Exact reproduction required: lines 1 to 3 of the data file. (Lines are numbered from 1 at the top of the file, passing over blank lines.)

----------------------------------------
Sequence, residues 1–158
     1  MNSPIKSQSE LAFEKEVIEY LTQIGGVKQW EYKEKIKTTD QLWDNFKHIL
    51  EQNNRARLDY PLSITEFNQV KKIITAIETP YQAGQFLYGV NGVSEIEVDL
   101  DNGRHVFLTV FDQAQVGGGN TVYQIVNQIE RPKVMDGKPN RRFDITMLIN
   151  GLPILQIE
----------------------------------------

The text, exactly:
Sequence, residues 1–158
     1  MNSPIKSQSE LAFEKEVIEY LTQIGGVKQW EYKEKIKTTD QLWDNFKHIL
    51  EQNNRARLDY PLSITEFNQV KKIITAIETP YQAGQFLYGV NGVSEIEVDL